In such situations, a tool like Waydev can be a huge asset. An analytics and engineer management tool, Waydev delivers data on each of your engineers’ contributions.
For example, here’s a sample employee report:
You can see that this engineer is mainly focused on new work and isn’t too productive with legacy refactoring. Furthermore, their code churn is unusually high.
You could then assign a more enthusiastic engineer to the legacy tasks, and they would likely have better results.
However, what to do about the poor code churn metrics?
Supporting individual growth also includes helping your engineers cover weaknesses and improve in areas they’re less proficient in.
One of the easiest ways to accomplish this is by investing in an online course. Udemy offers countless lectures on all sorts of software engineering topics.
Take a look at this example:
This course focuses on writing clean code, but there are many other programs to increase any skill set. By investing in such lectures, your engineers will slowly grow their expertise.
It’s also important that these courses—or any other professional development investments—should occur during working hours.
They should be an integral part of your engineer’s workday.
This is how the company’s founders explained the method:
Google encourages its employees to explore additional learning that is unrelated to their current projects.
They hope to foster creativity and innovation and inspire their employees’ continued education.
It wouldn’t be a bad idea to incorporate this model among your team—it’s a sure way to support your engineers’ individual growth.
Create a strong work culture
Unfortunately, it’s not uncommon for companies to see engineers as a means to an end.
These are businesses obsessed with increasing production speed, focusing purely on the final product and ignoring the process. However, this shouldn’t be your goal.
Instead, you should strive to create a strong work culture.
With a defined set of values and behaviors in place, your engineers will collaborate much more efficiently, and their productivity will increase.
Furthermore, a strong culture will be a huge help whenever you run into unforeseen problems.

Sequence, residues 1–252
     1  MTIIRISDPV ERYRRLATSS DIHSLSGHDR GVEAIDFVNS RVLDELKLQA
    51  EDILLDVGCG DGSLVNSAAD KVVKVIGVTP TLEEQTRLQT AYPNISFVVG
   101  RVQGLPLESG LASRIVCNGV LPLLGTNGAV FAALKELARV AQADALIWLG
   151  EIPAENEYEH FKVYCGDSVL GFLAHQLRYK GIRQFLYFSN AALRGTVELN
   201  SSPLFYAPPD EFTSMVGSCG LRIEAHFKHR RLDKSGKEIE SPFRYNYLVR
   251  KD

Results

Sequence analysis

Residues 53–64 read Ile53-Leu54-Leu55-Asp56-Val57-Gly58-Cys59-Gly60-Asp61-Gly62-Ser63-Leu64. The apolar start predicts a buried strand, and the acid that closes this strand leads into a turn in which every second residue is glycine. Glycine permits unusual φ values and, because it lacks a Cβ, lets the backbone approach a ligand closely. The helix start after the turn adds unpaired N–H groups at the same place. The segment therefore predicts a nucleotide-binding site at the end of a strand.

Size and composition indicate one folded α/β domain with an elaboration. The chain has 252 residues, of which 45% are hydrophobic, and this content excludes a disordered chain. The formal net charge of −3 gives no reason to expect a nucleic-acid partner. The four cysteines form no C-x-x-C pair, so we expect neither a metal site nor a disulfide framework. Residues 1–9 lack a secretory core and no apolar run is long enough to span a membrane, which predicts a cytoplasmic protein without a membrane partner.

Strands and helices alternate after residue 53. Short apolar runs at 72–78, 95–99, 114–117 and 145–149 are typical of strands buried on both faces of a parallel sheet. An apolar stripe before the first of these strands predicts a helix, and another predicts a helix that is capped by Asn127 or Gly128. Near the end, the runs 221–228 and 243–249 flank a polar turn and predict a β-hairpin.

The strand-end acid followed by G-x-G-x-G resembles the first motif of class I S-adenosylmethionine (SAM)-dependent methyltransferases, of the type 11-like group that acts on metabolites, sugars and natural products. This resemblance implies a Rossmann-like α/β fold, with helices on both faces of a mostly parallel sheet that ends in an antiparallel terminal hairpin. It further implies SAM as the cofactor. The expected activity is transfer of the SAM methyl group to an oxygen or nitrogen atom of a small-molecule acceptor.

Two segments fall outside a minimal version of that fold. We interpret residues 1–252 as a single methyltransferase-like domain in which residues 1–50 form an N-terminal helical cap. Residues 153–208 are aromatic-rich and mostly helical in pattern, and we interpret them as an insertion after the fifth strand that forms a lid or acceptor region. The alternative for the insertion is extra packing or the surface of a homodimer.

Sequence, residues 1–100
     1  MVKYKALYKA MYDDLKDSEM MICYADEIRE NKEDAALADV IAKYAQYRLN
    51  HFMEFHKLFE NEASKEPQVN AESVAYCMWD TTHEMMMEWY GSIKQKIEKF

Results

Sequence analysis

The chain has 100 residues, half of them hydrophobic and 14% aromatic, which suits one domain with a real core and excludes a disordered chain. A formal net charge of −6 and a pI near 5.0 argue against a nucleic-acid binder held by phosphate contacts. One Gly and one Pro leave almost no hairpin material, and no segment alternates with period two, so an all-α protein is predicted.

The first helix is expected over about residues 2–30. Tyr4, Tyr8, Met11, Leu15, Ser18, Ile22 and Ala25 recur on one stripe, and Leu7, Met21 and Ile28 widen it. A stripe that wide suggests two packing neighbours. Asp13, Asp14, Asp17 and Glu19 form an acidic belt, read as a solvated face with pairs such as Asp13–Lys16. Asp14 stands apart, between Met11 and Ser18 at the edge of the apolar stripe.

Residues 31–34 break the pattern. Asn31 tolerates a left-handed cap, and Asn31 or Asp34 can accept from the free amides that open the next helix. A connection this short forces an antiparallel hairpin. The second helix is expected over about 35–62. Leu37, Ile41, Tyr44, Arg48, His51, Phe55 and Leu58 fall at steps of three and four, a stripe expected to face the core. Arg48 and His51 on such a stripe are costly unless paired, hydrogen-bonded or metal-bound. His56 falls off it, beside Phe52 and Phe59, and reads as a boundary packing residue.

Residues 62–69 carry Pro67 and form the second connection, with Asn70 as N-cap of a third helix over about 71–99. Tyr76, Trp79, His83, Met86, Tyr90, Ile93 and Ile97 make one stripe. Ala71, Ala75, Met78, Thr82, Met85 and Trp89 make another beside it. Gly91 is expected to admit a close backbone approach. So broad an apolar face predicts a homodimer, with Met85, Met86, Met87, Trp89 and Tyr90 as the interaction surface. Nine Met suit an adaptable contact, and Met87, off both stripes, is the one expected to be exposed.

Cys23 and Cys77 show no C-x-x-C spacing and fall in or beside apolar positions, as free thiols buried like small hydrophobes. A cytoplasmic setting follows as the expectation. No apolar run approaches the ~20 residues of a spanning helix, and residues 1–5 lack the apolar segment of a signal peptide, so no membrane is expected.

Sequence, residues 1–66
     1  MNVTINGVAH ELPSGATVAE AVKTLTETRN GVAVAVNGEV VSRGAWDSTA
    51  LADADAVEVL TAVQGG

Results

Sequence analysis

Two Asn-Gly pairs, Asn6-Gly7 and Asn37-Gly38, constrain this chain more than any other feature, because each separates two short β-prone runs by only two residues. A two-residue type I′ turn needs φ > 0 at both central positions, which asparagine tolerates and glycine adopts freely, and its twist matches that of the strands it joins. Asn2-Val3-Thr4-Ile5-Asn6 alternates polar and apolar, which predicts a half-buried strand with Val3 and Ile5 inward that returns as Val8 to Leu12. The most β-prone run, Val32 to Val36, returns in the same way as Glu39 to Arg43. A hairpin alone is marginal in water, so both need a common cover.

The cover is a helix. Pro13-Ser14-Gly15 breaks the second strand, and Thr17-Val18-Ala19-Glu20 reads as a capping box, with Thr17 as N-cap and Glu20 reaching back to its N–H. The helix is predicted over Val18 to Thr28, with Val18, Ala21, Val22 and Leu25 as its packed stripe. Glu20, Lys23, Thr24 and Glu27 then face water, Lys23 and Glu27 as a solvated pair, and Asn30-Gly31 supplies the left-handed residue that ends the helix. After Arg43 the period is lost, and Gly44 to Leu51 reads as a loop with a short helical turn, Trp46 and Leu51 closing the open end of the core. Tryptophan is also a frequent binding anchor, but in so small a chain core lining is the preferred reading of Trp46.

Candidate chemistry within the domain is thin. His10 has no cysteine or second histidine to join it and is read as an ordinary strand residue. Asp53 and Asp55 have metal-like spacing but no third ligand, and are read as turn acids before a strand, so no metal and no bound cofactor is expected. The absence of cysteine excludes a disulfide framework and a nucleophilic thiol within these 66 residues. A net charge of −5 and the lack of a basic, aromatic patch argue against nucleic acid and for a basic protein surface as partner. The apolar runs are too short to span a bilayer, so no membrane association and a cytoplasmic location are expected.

Engineers who have embraced their work culture are much more likely to navigate their way through tricky situations.
Peter Drucker explained this concept best:
With a strong culture, your engineers can solve any issue.
In the same vein, no matter how polished your strategy is, it’s nowhere near as effective as a fully developed and widely accepted culture.
For example, if there’s a major bug, a strong culture will likely remind you not to hide the mistakes but to communicate them transparently.
That way, you and your engineers can solve the issue together.
When creating your culture, your first step is to pin down the values your team respects and embodies.
Don’t throw your net too broad—for a start, pinpoint three values. For example, if you believe in open communication, you may select transparency as a core value.
If learning is important to your team, continuous professional development could be part of your culture.
However, once you’ve decided on your three values, verifying that they’re a good fit for your company is essential.
To do so, ask yourself these two questions: does this value contribute to the company’s vision, and can the company act according to these values?
These questions are crucial to ask, as per Jeremy Wight’s recommendation:
The values you decide on should be relevant and attainable.
Once you’ve established these three elements, the final step is simple—write it down. The aim is to create a record you can reference in the future.
For inspiration, take a look at the Valve company handbook:
Valve has put in print practices that support their chosen culture, leaving no room for ambiguity.
As a result, there’s no chance of anyone being fired just for making a mistake—a creed in line with their culture.
Follow Valve’s example, and document your company’s chosen culture.
That way, when in doubt, you and your team members will always have a text that holds you accountable for your decisions and can guide you in the right direction.
Becoming an engineering manager can seem intimidating, especially if you’ve spent a while in a software engineering role.
However, you don’t have to worry all that much—as long as you recognize the most important principles, you’ll do a fantastic job.
For starters, don’t shy away from tough decisions and support your team members’ individual growth while allowing them plenty of room for autonomy.
Finally, do your best to create a strong work culture, one you can be proud of, and advocate for your team.
Follow these guidelines, and you’ll become a great engineering manager your team will be proud of.